Every time it seems like there’s good news for the future of electric vehicles (the YIN), there’s a new delay in delivering the dream (the YANG).
In the USA, the order books are full of customers who will wait two years before the EV they’ve dreamed about and splurged on sits on their driveway. Not only that, before they take delivery, they’ll be paying more than they planned.
The reality shattering the dream is not new. Huge price increases in the rare metals used in the manufacturing of the huge battery packs; shortage of chips, and the need to make a profit are pushing EV prices higher, and higher.
Ford says recent material cost increases have virtually wiped out profit margins on the Mach-E.
GM has raised Hummer EV prices by almost USD$10 grand, and in a call with analysts last week Elon Musk said Tesla, which has lifted the prices on its Model Y SUV (below) three times this year says it will almost certainly lift prices on all models.
Musk also reported that ALL of Tesla's factories are losing money!
All three companies assured analysts they will attempt to curb price increases over the next 12 months by striking supply deals directly with the source producers of rare earth metals.
Right now EVs are being bought by early adopters, but despite the cost pressures, analysts say the car companies may have to reduce prices to broaden the sales profile. Given that car companies have to answer to shareholders, selling EVs at little or no profit is hardly appealing.
According to the WSJ, EV prices have risen 22% from a year ago, whilst the price of ICE cars has risen only 14%.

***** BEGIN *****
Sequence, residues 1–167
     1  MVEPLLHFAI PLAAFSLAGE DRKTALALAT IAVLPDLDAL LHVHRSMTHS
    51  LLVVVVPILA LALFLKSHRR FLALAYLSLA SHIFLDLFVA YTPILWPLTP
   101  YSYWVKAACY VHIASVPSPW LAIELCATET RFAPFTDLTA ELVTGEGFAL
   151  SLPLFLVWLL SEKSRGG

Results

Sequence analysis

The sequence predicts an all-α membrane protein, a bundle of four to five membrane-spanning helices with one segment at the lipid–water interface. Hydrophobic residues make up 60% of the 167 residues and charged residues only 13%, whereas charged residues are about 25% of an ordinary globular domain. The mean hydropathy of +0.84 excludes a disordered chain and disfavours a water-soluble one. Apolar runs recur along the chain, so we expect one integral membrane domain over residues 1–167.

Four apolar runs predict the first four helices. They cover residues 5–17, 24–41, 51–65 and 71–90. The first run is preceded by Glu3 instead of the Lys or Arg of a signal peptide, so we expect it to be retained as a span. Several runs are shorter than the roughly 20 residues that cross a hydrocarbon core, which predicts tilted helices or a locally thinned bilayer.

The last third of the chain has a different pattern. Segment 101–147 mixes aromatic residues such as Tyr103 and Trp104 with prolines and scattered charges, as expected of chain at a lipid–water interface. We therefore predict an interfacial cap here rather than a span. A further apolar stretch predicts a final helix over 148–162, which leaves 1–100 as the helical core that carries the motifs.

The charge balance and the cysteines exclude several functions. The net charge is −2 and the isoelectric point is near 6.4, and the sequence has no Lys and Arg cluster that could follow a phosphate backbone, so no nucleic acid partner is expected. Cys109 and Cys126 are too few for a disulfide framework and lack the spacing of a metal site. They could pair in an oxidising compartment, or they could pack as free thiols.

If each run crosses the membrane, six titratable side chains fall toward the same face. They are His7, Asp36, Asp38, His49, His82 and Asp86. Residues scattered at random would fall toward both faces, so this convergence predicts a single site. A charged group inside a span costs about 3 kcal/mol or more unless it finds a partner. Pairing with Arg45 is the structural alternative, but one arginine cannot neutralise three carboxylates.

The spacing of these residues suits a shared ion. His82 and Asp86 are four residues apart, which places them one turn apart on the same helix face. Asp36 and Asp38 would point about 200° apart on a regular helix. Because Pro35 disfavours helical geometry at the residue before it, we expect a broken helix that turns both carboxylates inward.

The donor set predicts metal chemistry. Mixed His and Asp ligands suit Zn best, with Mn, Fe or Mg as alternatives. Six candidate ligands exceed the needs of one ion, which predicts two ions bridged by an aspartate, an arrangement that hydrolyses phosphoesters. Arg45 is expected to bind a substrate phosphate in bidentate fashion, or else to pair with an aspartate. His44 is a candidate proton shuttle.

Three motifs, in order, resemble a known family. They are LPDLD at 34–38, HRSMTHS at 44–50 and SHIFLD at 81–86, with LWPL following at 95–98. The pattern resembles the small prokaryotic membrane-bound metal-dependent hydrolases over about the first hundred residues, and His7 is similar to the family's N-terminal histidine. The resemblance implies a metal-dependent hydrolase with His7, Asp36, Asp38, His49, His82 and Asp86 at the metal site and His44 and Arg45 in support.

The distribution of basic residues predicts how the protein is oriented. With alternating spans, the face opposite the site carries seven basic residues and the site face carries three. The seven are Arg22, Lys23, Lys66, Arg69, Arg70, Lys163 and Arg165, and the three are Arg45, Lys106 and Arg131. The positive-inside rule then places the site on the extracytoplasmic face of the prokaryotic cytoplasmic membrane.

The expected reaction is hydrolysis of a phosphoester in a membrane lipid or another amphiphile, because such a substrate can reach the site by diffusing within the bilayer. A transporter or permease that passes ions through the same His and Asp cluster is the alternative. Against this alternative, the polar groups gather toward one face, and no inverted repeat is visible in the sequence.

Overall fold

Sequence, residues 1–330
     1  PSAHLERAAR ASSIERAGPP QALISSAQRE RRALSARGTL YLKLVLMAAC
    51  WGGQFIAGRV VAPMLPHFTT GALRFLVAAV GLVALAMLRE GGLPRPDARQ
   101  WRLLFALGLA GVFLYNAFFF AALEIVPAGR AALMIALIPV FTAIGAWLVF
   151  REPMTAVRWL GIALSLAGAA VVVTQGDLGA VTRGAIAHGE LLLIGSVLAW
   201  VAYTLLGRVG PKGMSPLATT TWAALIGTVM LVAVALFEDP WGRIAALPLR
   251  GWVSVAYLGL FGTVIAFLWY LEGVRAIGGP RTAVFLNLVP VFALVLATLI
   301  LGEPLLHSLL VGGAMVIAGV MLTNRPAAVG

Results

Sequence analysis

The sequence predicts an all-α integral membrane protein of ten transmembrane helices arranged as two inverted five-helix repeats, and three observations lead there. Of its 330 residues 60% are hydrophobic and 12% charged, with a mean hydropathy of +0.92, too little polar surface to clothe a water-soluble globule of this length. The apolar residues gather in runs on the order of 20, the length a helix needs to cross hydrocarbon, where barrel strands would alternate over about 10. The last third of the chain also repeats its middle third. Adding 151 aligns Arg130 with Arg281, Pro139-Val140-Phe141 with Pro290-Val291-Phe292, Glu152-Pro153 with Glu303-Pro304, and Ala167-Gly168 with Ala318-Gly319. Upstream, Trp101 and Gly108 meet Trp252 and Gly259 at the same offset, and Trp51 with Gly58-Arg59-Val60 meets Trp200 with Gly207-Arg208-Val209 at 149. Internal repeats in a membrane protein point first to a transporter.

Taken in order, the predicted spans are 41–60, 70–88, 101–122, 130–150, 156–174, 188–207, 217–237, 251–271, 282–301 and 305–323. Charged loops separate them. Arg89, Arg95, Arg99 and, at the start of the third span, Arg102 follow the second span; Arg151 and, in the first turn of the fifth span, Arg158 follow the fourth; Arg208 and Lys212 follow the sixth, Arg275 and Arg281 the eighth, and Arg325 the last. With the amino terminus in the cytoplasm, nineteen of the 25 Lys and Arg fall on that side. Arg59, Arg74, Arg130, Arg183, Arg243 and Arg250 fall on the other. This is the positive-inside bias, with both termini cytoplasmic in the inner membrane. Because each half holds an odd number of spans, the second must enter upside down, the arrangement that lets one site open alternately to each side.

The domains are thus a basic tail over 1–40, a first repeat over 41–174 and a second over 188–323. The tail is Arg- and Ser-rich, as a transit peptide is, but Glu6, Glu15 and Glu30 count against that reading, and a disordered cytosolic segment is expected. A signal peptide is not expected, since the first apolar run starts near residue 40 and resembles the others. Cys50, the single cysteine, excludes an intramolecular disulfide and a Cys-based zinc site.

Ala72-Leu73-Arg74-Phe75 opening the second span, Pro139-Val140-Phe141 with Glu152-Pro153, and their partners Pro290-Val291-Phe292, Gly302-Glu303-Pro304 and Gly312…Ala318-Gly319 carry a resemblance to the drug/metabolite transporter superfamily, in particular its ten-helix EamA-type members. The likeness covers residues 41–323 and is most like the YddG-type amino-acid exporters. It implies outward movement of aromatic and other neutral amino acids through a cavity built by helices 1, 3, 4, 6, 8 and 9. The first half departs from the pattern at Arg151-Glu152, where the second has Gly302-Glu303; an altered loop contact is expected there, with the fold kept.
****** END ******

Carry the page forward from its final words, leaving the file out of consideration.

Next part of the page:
Whilst Wall Street analysts are enthusiastic about the potential growth in EVs helping the companies’ bottom line, the levels of investment are rising rapidly.
According to Detroit consultant Alix Partners, the planned investment in EVs has doubled in the past two years, exceeding USD$526bn!
If you’re thinking that EVs are not meant for the hoi polloi you’re not far off the mark. Only the rich will be driving EVs for a long time. In the last year the percentage of EVs in the giant US car market is a flat 5%. In Australia, EV market share is just 2%.
The VP of data and analytics for JD Power said: “Car companies will need to make EVs accessible to more than the affluent.” Well, duh! “For mass consumer adoption the industry still has to find a way to get cheaper EVs to market.” Well, duh! Again!
The cheapest American-built EV in the USA right now comes from GM, the Chevy Bolt, with GM cutting the price by USD$6,000 to USD$27,000.
The cheapest EV in Australia at the moment is the Chinese-built MG HS at around $50,000!
When you can buy a well-specc'd Hyundai i30 ICE for around $23,000, it’s hard to imagine anything less than 10 years to payback the EV investment.
So the for moment would-be EV buyers – dream on.